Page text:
While loan modification is the hot topic among members of the federal government and the general media, statistics show the most significant factor contributing to the depressed housing market is the overwhelming presence of “negative equity”. Negative equity is a term that describes the situation when a homeowner owes more in debt on their home than the current market value of the property. The difference between what is owed and the value of the home is referred to as negative equity.
Negative equity affects one in four homeowners with a mortgage in our country according to data compiled by First American Core Logic and published on February 23rd 2010. Here are some more statistics from the First American Core Logic report that speak to the depth and severity of negative equity:
- First American CoreLogic reported today that more than 11.3 million, or 24 percent, of all residential properties with mortgages, were in negative equity at the end of the fourth quarter of 2009, up from 10.7 million and 23 percent at the end of the third quarter of 2009.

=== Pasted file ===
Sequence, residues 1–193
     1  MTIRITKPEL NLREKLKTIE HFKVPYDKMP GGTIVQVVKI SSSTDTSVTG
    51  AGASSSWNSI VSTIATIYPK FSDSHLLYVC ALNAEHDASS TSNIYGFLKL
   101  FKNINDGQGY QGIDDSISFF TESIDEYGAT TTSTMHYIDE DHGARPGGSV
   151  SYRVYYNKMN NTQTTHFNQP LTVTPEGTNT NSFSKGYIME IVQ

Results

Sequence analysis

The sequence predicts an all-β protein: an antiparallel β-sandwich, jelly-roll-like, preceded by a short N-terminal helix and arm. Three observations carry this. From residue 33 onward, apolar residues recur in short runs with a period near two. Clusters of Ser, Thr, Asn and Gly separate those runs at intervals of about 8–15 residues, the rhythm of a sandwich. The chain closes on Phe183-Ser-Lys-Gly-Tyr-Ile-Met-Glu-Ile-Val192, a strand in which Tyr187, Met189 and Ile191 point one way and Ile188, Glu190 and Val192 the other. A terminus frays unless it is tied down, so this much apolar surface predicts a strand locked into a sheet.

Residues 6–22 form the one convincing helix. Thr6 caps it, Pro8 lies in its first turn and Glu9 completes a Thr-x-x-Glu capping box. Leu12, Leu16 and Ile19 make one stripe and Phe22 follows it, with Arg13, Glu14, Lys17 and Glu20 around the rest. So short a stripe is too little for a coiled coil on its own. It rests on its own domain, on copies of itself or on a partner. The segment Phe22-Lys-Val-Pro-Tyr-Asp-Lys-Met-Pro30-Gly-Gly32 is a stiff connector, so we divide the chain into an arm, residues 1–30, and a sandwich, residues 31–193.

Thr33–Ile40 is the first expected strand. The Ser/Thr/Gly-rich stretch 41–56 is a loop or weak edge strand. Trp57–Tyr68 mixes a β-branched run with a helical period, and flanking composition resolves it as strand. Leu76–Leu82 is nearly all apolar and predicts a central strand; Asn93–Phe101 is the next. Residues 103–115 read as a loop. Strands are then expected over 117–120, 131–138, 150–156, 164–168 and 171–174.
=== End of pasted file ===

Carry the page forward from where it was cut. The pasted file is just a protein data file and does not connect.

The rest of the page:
- An additional 2.3 million mortgages were approaching negative equity at the end of last year, meaning they had less than five percent equity. Together, negative equity and near-negative equity mortgages accounted for nearly 29 percent of all residential properties with a mortgage nationwide.
- The net increase in the number of negative equity borrowers in Q4 2009 was 620,000
- The rise in negative equity is closely tied to increases in pre-foreclosure activity and is a major factor in changing homeowners’ default behavior. Once negative equity exceeds 25 percent, or the mortgage balance is $70,000 higher than the current property values, owners begin to default with the same propensity as investors.
- The aggregate dollar value of negative equity was $801 billion, up $55 billion from $746 billion in Q3 2009. The average negative equity for an underwater borrower in Q4 was $70,700, up from $69,700 in Q3 2009. The segment of borrowers that are 25 percent or more in negative equity account for over $660 billion in aggregate negative equity.